COMMENTARY | The Kralik Way signals a new start for Wolves football

Kralik’s spread, no-huddle offense produced 705 points in 14 contests last year at the Houston-area Bay Area Christian School

The system remained the same. The personnel did not.

That does not encompass every reason behind South Kitsap’s demise from one of the state’s elite in football to mediocrity, but it is a significant reason behind the shift. And that is why locals should be thrilled about last week’s hiring of ex-Bethel coach Gavin Kralik to run the Wolves’ program.

For too long, South clung to the memorable era of Ed Fisher, which was understandable to some extent. There was his 196-49 record. The Washington high-school record 23 consecutive state-playoff appearances. And the 1994 state championship.

But that was a different time. In the early 1990s, the Wolves featured mammoth linemen, such as Tony Coats and Benji Olson, both of whom went on to play at the University of Washington. The program’s talent in the trenches did not end there. Because of an abundance of talented linemen, 6-foot-2 Derek Strey, who later played at Eastern Washington and received a tryout with the Seattle Seahawks, was utilized at tight end.

That was then — and this is now.

If Strey had played for the Wolves in the last decade, there would have been seasons where he was the program’s largest offensive lineman. Despite that, the coaches never strayed to far from the I-pro scheme. When Eric Canton succeeded D.J. Sigurdson in 2012, he dropped tight end from the base offense and added a third receiver. But the Wolves remained a run-first program.

And one that struggled to tally victories.

In addition to last year’s 3-7 record, South averaged just 14.8 points per game. In 40 percent of their contests, the Wolves scored 10 points or fewer.

Enter Kralik.

While paying homage to Fisher and the physicality that his teams displayed, he was clear that a different — modern — offensive scheme will be on display this fall at Joe Knowles Field. During his lone season at the Houston-area Bay Area Christian School, Kralik’s spread, no-huddle offense produced 705 points in 14 contests en route to qualifying for the Texas Association of Private and Parochial Schools’ Division III state football championship game. Bay Area Christian Academy ran more than 80 plays per game on several occasions last year.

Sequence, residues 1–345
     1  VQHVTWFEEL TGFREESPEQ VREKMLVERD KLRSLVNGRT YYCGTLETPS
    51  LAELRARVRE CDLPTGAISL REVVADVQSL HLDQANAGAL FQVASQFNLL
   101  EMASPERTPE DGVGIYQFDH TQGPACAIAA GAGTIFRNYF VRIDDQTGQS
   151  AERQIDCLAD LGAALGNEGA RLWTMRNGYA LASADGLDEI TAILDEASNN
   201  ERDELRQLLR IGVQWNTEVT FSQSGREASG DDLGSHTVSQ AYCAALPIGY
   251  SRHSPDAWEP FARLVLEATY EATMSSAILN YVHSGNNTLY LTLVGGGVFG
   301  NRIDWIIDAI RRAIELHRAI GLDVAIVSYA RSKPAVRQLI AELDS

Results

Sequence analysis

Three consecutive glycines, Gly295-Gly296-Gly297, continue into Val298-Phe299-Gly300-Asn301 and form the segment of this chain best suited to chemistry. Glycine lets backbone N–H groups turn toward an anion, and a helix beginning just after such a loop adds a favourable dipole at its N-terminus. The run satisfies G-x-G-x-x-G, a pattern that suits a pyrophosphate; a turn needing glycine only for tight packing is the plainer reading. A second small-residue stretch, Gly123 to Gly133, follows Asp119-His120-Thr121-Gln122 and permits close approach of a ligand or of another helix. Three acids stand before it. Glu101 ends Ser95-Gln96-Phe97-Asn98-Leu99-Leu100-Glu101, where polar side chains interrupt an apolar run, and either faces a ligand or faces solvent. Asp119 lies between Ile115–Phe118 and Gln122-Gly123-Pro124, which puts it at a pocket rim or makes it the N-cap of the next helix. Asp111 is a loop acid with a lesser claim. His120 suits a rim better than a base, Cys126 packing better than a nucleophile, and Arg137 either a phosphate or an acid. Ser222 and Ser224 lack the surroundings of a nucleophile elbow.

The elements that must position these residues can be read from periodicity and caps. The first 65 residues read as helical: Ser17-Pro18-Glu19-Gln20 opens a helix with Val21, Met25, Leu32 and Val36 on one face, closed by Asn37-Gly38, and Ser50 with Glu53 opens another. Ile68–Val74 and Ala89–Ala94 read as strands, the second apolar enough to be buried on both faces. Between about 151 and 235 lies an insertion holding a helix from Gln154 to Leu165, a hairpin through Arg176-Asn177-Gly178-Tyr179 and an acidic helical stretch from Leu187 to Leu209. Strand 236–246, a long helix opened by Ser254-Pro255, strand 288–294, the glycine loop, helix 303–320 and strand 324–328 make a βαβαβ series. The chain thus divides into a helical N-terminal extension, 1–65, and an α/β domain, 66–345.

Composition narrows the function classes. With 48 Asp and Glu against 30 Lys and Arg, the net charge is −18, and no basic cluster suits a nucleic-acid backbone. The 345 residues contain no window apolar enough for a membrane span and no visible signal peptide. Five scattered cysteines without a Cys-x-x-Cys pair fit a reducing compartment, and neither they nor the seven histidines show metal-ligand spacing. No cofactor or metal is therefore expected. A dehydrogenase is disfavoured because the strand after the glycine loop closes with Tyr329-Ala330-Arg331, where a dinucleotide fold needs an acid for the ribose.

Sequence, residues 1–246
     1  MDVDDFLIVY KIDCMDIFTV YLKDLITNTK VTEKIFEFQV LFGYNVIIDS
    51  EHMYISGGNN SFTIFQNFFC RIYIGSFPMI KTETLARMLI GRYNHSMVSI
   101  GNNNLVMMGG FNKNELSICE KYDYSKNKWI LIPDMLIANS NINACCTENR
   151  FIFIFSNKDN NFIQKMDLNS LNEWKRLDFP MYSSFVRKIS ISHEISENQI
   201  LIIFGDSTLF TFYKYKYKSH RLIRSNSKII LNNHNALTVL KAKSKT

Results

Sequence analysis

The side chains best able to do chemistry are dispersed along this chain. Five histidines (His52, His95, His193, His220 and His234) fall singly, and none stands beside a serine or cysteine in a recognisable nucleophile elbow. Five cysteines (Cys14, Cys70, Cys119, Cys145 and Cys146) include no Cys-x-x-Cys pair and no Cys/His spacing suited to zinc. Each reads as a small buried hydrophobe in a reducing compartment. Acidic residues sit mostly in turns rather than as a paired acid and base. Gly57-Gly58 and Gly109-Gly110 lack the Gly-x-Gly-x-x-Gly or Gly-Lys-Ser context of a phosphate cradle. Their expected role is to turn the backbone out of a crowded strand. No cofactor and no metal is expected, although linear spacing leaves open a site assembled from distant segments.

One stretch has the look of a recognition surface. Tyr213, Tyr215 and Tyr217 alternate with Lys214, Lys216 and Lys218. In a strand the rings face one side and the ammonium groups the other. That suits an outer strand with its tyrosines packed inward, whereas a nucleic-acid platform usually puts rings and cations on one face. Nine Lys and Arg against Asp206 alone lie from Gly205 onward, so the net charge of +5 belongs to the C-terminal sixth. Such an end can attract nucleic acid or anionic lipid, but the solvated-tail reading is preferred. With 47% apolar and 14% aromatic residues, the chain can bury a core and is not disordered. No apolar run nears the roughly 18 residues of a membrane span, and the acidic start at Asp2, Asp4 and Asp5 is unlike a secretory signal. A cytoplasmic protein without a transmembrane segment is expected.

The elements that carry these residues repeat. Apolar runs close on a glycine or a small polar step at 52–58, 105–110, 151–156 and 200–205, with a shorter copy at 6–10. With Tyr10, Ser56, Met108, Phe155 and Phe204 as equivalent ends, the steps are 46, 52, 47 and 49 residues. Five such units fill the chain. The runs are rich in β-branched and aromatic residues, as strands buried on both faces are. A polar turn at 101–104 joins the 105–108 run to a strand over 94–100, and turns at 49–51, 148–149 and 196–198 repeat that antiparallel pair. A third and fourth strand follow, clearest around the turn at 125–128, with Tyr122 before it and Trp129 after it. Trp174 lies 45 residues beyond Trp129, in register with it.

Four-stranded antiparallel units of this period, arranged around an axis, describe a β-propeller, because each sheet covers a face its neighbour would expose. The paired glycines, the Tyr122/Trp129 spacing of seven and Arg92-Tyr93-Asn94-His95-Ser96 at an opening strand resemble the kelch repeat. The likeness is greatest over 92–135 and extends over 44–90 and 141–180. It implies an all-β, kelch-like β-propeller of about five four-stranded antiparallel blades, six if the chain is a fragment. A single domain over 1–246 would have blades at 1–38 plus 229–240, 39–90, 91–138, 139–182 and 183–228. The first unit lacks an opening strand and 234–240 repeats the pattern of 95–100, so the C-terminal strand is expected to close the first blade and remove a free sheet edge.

That continued a trend from Kralik’s time at Bethel, where the Braves usually were among the South Puget Sound League’s most prolific offenses and he produced a 50-42 record between 2005-13.

“We definitely want to make the game as uncomfortable for our opponent as possible,” Kralik said.

It is a system that should better suit the modern-day Wolves. While there are no clones of Coats and Olson within the program, some believe of caliber of athletes at South is better than it was in the 1990s. Look no further than the school’s track program for an example of that. One member of the 1,600-meter relay team that helped the school win a state title in that event two years ago was running back Adam Gascoyne. One of his teammates was hurdler Brayden Maynard, a senior wide receiver last fall. And remember that Peninsula quarterback Robert Kvinsland, who attended SKSD through junior high, signed with Idaho State.

Talent is not the issue.

Kralik has more to work with than he did at Bethel. While he inherited a program that experienced more recent success — the Braves advanced to state six consecutive seasons and played for a pair of championships from 1999-2004 — its talent level has decimated with the opening of rival Graham-Kapowsin, where coach Eric Kurle took many of his players when he left Bethel. The result was a 2-8 record in 2005.

But Kralik recovered and led the Braves, who have just 10 state-playoff appearances in school history, to two in his final five seasons. He followed that with a seamless transition at Bay Area Christian.

In just 30 minutes of interaction with students during the interview process, The Kralik Way resonated.

“In a half hour, he had our kids running a no-huddle offense,” South athletic director Ed Santos said. “The way he held command of the kids, it was impressive.

“The kids were incredibly excited.”

And if that’s any indication, locals will soon feel the same.

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